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Monday 6 December 2010

Join us on Saturday for the next openSUSE "Zombie" Bug Day

A bit less than ten days ago, we held an openSUSE Bug Day on what we call the zombie bugs: those are the bugs opened against non-maintained versions of openSUSE. We didn't want to mass-close them, since some of them are still valid and might have important information.

And it turns out we achieved some really great results:

Open bugs in:openSUSE 10.2openSUSE 10.3openSUSE 11.0Total

We managed to triage 46%36% of those old bugs, thanks to the small team of around 10-15 people who participated! But we want more, and if you feel bad because you were not able to contribute, you'll have another chance to help :-)

We'll do another "Zombie" Bug Day next Saturday (December 11th), in #opensuse-bugs on freenode. The documentation from the last bug day is still valid, and the most important thing that you should know is that everybody can help: just join us and we'll guide you, even if you only have 30 minutes of free time!

And be sure that you'll enjoy it: we had a lot of fun last time!

Friday 26 November 2010

Quick reminder: openSUSE Bug Day tomorrow!

I'm slowly getting back to speed (had to catch up for some time after various travels, more on this later), and I expect exciting action tomorrow during the next openSUSE Bug Day!

There was a thread on "zombie" bugs two weeks ago: the discussion was aobut what we should do for bugs opened against obsolete versions of openSUSE (10.2 to 11.0). Among the solutions that we could think of: doing nothing (okay, not really a solution), mass-closing the bugs, or organizing some teamwork to triage them. I'm personally not a big fan of mass-closing bugs (at least, not before we try a few other things), and I believe bug triage is a really good way to start contributing to a free software project. This lead to the idea of dedicating a bug day to cleaning up those zombie bugs.

Alexander and I quickly worked on organizing this, and we decided that doing it on a Saturday would be a good way to have more participation from people who usually cannot contribute during the week. Hopefully this will work out fine :-) I know that it's not the best timing for our american friends, but we'll do more in the future anyway!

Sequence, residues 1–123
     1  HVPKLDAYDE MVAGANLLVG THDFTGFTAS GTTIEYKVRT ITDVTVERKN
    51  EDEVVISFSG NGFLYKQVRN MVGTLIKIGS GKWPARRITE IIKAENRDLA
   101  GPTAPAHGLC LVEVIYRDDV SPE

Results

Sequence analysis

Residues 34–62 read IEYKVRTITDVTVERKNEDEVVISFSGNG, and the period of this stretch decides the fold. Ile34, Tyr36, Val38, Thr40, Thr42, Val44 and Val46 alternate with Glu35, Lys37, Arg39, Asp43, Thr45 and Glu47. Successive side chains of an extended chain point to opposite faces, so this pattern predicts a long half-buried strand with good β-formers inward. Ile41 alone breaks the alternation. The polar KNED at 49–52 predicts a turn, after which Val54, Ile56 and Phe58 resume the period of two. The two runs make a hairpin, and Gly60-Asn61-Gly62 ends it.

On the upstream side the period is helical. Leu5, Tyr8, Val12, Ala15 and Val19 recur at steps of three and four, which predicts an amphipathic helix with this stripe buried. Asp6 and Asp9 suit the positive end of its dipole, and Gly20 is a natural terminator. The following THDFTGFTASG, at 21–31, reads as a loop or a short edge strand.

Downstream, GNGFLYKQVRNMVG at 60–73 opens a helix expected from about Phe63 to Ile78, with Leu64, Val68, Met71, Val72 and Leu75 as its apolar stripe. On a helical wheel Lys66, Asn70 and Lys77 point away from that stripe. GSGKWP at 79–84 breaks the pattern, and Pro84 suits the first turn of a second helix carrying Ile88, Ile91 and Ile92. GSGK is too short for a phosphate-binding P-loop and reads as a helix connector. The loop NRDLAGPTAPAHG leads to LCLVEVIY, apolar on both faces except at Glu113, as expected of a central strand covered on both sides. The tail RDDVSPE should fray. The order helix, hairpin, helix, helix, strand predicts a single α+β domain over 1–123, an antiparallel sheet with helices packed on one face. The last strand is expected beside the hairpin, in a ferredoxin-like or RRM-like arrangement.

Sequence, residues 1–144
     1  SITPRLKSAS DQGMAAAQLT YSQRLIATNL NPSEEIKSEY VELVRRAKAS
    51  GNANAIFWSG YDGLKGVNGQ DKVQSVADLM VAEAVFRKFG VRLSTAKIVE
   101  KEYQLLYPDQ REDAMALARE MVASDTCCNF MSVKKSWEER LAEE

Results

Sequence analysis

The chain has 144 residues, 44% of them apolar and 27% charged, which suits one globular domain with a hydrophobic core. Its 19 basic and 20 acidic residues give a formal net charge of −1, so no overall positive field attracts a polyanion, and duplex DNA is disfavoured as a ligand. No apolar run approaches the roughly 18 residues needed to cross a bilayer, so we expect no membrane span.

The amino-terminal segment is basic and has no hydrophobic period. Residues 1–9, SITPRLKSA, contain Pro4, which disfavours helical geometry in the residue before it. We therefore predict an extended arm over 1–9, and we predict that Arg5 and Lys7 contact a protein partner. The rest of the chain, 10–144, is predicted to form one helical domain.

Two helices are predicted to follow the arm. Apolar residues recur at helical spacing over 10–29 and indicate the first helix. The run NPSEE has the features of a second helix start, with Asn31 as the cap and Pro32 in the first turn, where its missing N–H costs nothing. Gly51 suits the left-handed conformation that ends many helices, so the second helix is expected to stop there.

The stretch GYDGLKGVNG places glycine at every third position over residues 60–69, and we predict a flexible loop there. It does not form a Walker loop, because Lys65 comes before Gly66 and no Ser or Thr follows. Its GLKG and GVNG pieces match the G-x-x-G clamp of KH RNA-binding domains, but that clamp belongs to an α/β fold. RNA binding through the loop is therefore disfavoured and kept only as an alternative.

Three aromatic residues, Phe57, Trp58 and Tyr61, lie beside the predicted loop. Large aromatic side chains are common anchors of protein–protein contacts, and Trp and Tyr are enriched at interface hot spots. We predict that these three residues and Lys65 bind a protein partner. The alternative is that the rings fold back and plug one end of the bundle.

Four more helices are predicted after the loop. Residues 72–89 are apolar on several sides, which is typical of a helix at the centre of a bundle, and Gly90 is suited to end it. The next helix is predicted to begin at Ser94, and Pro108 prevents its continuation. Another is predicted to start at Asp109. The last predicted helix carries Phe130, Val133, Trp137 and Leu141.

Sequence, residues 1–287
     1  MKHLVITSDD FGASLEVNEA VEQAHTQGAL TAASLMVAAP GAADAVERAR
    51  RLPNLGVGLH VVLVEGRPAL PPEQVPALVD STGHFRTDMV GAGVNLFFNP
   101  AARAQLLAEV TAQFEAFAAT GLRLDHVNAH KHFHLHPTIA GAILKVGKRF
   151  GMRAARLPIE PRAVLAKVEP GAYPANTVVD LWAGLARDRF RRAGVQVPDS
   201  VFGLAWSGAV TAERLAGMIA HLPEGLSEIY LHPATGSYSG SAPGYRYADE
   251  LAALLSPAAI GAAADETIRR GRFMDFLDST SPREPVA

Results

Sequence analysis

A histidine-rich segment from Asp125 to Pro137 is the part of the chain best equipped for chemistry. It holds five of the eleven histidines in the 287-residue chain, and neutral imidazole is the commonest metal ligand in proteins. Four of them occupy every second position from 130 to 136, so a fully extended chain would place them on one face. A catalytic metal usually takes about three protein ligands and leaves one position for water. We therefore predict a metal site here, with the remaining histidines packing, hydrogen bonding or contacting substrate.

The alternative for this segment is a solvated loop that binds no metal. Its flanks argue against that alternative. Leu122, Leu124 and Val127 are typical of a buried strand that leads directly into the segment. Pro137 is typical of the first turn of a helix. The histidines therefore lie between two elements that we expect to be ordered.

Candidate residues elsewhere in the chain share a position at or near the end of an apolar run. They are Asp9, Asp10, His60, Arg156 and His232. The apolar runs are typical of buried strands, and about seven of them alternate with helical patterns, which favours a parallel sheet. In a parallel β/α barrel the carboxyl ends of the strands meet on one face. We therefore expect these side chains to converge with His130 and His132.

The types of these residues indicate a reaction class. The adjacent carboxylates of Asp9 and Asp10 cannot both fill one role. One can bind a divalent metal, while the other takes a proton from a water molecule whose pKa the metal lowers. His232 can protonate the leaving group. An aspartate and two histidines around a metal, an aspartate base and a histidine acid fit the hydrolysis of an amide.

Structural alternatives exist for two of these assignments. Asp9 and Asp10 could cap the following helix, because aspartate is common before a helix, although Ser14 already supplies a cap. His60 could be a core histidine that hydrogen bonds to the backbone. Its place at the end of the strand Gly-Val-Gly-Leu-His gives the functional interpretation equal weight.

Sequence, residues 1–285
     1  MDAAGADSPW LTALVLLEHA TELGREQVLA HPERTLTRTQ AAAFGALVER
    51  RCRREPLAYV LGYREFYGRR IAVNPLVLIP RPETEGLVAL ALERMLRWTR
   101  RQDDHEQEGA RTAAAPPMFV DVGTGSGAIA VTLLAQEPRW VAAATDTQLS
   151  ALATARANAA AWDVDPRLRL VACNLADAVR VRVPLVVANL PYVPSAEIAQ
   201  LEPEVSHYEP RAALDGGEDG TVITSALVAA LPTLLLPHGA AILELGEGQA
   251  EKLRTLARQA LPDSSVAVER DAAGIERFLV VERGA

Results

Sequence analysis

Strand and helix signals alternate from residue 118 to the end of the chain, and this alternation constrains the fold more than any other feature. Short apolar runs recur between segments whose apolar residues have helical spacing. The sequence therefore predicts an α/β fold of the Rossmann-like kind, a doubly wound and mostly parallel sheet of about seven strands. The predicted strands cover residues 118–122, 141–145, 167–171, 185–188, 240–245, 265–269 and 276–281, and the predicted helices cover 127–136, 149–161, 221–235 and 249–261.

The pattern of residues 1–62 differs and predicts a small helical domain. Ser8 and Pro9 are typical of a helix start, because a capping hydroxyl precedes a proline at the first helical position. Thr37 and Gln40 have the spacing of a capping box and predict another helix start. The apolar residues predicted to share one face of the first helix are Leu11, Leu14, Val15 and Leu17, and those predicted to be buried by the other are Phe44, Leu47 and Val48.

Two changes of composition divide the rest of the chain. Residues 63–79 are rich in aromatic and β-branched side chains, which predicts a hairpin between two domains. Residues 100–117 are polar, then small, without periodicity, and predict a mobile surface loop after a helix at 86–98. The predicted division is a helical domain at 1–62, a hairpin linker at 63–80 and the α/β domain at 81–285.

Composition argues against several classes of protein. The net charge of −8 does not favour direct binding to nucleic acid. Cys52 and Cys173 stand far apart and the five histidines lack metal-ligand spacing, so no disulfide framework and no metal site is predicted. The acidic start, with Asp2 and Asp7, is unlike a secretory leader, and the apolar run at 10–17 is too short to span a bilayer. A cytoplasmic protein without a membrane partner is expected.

If you want to help openSUSE, join us tomorrow on IRC in #opensuse-bugs (on freenode)! Being on IRC is one of the most important step to participate, since this how we will interact with each other, and this is where you will be able to ping people to get started. You obviously don't have to dedicate your whole day to this, you can come for 30 minutes or 6 hours — it's up to you, but you can be sure that your participation will make a difference! Oh, and I dumped some brief documentation for this bug day; this should help for the first few steps.

Thursday 21 October 2010

openSUSE Conference Party

I'm in Nuremberg since Sunday, and the openSUSE Conference started yesterday. So I have already tons of interesting bits to tell. But the really important part is:

openSUSE Conference Party

Thanks to B1 Systems for sponsoring the party tonight!

Friday 8 October 2010

50000th request

A few hours ago, I submitted the 50000th request in the Build Service. It's a shame that this request is nothing fancy, but at least it's not a submission I did during a massive push to Factory (it's common for me to push tens of packages at once — hey, GNOME is not so small ;-)). Interestingly, Dirk was pushing some KDE packages to Factory around that time too and got requests 49999 and 50001,

(Okay, so, technically, this is not the real 50000th request, since back in August 2009, there was a bug for a short period that caused around 40 requests to start again from 1, but it's a secret!)

For those not familiar with the development of openSUSE, we have a collaboration model in the build service where anyone can submit a change to any package, and the relevant maintainers can then review this request. So it's extremely easy for everyone to update a package to a new version or to add a patch to a package: if you want to do it, then don't ask and just do it! And I'm told we're friendly people, so it's not too hard to find help if needed. The GNOME team is using this feature extensively, and we love it :-)

Now, the sad thing is that I didn't win anything for this 50000th request. Ah, well, I'm sure I'll find a way to celebrate this unique achievement at the openSUSE Conference! And, blast from the past, all this reminded me of the 100000th GNOME bug contest that Luis organized: I did okay back then.

Friday 24 September 2010

Join the openSUSE Conference 2010!

In less than one month, people from all around the world will gather for the openSUSE Conference 2010! It will be in Nuremberg (Germany), from October 20th to 23rd, and the program is full of promises. So don't wait and go straight to the registration form (it's obviously free)!

openSUSE Conference 2010

With the Collaborate accross borders theme, I certainly hope we'll get people from many projects coming: this event is a perfect place to have informal chats between upstream and downstream people, but also between people working on different distributions. We all have a lot in common, sharing many goals, and making sure that communication occurs between all of us is most important.

To build some momentum for the conference, Henne has started interviewing some speakers. There are two interviews so far, but I'm sure he'll keep publishing more until the very last day :-) You can go read my ramblings about GNOME 3, or get to learn about the automated testing work that Bernhard did. He truly did a fantastic job, and what matters most to me is that this is not openSUSE-specific and it could benefit other distributions!

Will you join us to make the openSUSE Conference rock even more? :-)

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by Vincent